I tried the workout that makes Kate Hudson and Whitney Port sweat
I’m really non-committal when it comes to exercise. I’ll go all-in on something — a class series, gym membership, running — for a few weeks before I eventually get lazy, bored, or just fed up. Exercise is something I really have to force myself to do, which I feel really lame about. I LOVE the way I feel after I work out. I just hate the actual working out.
I’d seen YAS when I first moved into my neighborhood (Silver Lake, Los Angeles) five years ago, and I actually went to a few classes…before I pooped out all together. So, when we decided to do this celeb fitness series, I was once again intrigued by the yoga-and-spin studio, especially after learning that Kate Hudson and Whitney Port were fans. Those ladies look AMAZING.
YAS stands for “yoga and spin” and offers both spin-only and yoga-only classes alongside hybrid workouts — the traditional YAS class is a half-hour spin followed by a half-hour of yoga, which aims to focus on strength as well as flexibility. YAS was founded in 2001 by Kimberly Fowler, who claims to be the first to join spin with yoga, and her story is pretty incredible: When she was in her twenties, she was diagnosed with brain cancer, and credits yoga as being central to her recovery.
I decided to try out three classes within a week so I could really see the benefit of spinning and yoga-ing. The vibe at YAS is pretty down-to-earth. The decor is minimal-meets-industrial, and there’s no intimidation, which I’ve totally experienced at other spin or yoga studios. The crowd was friendly and by no means competitive. The first class I tried was a straightforward spin class, which alternated between sprints, “climbing hills,” (high resistance on the wheel) and YAS jumps (out of the seat and pedaling at the front of the bike for two strokes, and at the back of the bike for two). The tunes were great — ’90s classics. The class was challenging; I found myself having to lighten the resistance (sheepishly) a lot because my heart rate was already through the roof. What was great about it, though, was that the workout was over before I knew it. A quick 45 minutes and I was drenched in sweat and out the door.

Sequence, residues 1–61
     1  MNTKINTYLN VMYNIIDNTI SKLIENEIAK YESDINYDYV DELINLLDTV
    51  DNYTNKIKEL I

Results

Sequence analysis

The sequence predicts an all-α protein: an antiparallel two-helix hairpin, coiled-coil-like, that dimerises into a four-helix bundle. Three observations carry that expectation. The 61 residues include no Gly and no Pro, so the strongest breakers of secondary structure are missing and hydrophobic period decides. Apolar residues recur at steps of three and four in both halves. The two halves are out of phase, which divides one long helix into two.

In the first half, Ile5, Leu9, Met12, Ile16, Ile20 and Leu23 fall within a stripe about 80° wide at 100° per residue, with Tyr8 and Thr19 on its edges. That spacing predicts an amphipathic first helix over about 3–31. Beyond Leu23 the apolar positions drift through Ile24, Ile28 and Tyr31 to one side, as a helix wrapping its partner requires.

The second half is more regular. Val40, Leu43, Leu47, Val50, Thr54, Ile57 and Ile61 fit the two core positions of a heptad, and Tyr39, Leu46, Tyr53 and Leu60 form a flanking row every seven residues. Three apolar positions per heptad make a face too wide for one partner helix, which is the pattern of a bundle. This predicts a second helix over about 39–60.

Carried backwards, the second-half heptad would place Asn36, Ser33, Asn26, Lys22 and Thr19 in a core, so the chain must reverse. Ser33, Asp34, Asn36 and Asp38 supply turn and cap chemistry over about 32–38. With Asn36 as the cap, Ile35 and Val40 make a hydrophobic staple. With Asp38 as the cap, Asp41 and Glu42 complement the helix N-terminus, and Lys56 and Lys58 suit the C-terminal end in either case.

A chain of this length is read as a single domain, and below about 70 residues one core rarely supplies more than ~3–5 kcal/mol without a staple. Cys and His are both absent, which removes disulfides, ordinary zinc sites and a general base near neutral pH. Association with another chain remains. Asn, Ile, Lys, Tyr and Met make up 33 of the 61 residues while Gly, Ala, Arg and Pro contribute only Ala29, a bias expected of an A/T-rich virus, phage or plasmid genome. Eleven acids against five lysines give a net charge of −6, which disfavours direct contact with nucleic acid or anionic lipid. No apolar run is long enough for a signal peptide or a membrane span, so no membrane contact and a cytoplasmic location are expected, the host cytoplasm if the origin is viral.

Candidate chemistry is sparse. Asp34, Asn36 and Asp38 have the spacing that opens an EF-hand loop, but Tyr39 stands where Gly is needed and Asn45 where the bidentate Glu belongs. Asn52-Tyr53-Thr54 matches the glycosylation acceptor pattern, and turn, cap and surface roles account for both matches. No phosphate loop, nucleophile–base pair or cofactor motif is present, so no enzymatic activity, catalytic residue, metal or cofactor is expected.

A few days later, I tried the traditional YAS class. This also went by fast. After 30 minutes of spin, I had worked up a pretty good sweat and when we moved across the hall for yoga, I could tell it was exactly what my body was asking for — I never stretch properly after cardio. The next 30 minutes were by no means easy — there were crunches, push-ups, and Sun Salutations keeping my arms, abs, and legs quivering. But by the wind-down in the last bit of the class, I felt like I’d really done the best for my body: I got my heart rate up, then I worked on my strength, and also my flexibility.
For my last class, I went back to spin-only, deciding I really liked the in-and-out feeling of having a complete workout in under an hour.
Throughout the week, I felt completely sore (in a good way). It was mainly my lower body that ached, and I actually took to doing some extra leg stretching on the days in between, which kind of shocked me. Emotionally, I didn’t feel like I was on a new health kick. I was still dragging myself to class (despite enjoying how I felt after). But I did feel a sense of accomplishment after every class, like I really hadn’t slacked off (which I often do on my own or at the gym). I’d probably continue doing YAS if it suited my schedule a bit more (there’s not much of a locker room, so I’d need to either go in the evenings, which I hate, or go really early in the mornings).
YAS has several studios in the L.A. area and one in Portland, Oregon. Classes in L.A. are a steep $25 for a single class (but packages offer savings). There are, however, several YAS DVDs (yoga only) that you can get your hands on so you can get that athletic Om on at home.